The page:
Pain persists in DAS28 rheumatoid arthritis remission but not in ACR/EULAR remission: A longitudinal observational study

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Abstract

Introduction: Disease remission has become a feasible goal for most rheumatoid arthritis (RA) patients; however, patient-reported symptoms, such as pain, may persist despite remission. We assessed the prevalence of pain in RA patients in remission according to the Disease Activity Score (DAS28-CRP4) and the American College of Rheumatology/European League Against Rheumatism (ACR/EULAR) remission criteria.Methods: Data were analyzed from RA patients in the Brigham Rheumatoid Arthritis Sequential Study with data at baseline and 1 year. DAS28 remission was defined as DAS28-CRP4 <2.6. The ACR/EULAR remission criteria included (a) one or more swollen joints, (b) one or more tender joints, (c) C-reactive protein ≤1 mg/dl, and (d) patient global assessment score ≤1. Pain severity was measured by using the pain score from the Multi-Dimensional Health Assessment Questionnaire (MDHAQ). The associations between baseline clinical predictors and MDHAQ pain at baseline and 1 year were assessed by using multivariable linear regression.Results: Among the 865 patients with data at baseline and 1 year, 157 (18.2%) met DAS28-CRP4 remission criteria at both time points. Thirty-seven (4.3%) met the ACR/EULAR remission criteria at baseline and 1 year. The prevalence of clinically significant pain (MDHAQ pain ≥4) at baseline ranged from 11.9% among patients meeting DAS28-CRP4 remission criteria to none among patients meeting ACR/EULAR remission criteria. Patient global assessment, MDHAQ function, MDHAQ fatigue, MDHAQ sleep, and arthritis self-efficacy were significantly associated with MDHAQ pain in cross-sectional (P ≤ 0.0005) and longitudinal analyses (P ≤ 0.03). Low swollen-joint counts were associated with high MDHAQ pain in longitudinal analyses (P = 0.02) but not cross-sectional analyses. Other measures of inflammatory disease activity and joint damage were not significantly associated with MDHAQ pain at baseline or at 1 year.Conclusions: Clinically significant pain continues among a substantial proportion of patients in DAS28 remission but not among those in ACR/EULAR remission. Among patients in DAS28 remission, patient global assessment, disability, fatigue, sleep problems, and self-efficacy are strongly associated with pain severity at baseline and 1 year, whereas inflammatory disease activity and joint damage are not significantly associated with elevated pain severity at either baseline or 1 year. © 2011 Lee et al; licensee BioMed Central Ltd.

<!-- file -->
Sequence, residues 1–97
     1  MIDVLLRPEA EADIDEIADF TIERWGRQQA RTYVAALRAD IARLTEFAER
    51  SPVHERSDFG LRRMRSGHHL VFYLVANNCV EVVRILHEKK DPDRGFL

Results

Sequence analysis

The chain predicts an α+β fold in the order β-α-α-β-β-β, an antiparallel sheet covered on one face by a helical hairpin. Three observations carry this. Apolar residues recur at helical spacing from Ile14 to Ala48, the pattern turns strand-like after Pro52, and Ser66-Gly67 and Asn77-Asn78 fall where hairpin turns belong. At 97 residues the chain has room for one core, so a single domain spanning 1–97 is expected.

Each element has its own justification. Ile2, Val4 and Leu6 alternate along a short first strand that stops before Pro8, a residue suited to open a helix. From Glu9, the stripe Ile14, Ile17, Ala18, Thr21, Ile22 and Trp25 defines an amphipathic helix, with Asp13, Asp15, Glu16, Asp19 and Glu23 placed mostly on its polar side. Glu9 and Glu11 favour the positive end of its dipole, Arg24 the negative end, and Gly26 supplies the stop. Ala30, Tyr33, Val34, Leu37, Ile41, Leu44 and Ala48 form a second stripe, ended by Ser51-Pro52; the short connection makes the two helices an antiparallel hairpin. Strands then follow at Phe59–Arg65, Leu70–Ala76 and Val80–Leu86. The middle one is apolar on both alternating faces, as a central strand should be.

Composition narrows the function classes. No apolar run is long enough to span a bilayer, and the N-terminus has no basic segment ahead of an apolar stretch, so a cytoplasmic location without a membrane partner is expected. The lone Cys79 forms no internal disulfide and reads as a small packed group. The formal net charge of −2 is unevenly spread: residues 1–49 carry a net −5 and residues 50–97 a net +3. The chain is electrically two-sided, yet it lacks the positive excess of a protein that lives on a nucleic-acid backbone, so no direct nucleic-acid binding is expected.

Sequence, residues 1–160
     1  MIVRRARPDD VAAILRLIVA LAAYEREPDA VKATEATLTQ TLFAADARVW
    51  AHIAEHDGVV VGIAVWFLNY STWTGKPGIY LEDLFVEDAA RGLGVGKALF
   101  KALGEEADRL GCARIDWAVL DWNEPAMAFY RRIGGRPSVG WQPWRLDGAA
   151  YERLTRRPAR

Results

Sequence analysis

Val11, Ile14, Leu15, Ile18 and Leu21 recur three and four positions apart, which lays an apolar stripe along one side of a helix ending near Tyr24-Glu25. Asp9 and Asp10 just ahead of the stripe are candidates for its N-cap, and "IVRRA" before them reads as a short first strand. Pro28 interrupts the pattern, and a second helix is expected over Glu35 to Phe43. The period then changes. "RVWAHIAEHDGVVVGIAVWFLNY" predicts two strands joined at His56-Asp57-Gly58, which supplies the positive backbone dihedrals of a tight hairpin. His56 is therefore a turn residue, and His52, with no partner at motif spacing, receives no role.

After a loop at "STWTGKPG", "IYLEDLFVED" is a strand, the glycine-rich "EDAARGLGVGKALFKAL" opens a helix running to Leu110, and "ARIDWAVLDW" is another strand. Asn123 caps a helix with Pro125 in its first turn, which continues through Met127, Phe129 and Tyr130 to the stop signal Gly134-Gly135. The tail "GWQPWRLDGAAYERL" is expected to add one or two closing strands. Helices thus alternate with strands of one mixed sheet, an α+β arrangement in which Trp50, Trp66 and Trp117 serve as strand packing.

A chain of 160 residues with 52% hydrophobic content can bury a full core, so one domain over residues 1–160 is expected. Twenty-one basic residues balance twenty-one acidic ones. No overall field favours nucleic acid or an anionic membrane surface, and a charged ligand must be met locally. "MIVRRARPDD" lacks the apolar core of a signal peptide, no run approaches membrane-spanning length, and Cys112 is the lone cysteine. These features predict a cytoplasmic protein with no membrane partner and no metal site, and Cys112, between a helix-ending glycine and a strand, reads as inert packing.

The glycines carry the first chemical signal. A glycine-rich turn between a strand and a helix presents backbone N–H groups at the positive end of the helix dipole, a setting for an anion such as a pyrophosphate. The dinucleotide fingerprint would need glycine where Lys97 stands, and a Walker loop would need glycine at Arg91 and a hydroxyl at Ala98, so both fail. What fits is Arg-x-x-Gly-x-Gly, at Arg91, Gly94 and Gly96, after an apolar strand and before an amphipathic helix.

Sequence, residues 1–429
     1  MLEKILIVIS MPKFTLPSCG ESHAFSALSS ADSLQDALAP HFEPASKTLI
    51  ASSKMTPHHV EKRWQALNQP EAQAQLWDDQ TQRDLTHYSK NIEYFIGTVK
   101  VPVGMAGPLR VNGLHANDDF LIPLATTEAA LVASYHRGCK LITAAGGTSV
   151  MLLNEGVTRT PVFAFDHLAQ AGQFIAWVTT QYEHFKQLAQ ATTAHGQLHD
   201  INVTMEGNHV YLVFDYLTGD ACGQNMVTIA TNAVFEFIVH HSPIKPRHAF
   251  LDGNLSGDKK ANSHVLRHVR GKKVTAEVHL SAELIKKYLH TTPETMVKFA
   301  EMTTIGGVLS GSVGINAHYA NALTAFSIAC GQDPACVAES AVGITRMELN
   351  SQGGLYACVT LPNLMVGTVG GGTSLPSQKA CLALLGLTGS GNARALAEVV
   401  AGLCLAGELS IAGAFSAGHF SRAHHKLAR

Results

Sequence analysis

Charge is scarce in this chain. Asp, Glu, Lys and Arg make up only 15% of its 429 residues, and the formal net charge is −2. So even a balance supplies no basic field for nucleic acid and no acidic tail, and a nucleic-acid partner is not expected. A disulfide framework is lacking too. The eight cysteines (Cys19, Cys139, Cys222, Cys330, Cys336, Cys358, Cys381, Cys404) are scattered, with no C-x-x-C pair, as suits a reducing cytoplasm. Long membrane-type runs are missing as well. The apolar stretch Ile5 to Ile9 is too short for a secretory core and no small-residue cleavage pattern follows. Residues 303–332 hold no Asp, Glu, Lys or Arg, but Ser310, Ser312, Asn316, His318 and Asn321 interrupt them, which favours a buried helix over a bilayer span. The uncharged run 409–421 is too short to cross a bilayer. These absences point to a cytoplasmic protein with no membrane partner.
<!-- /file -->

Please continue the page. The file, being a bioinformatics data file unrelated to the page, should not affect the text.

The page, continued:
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Lee, Y. C., Cui, J., Lu, B., Frits, M. L., Iannaccone, C. K., Shadick, N. A., … Solomon, D. H. (2011). Pain persists in DAS28 rheumatoid arthritis remission but not in ACR/EULAR remission: A longitudinal observational study. Arthritis Research and Therapy, 13(3). https://doi.org/10.1186/ar3353

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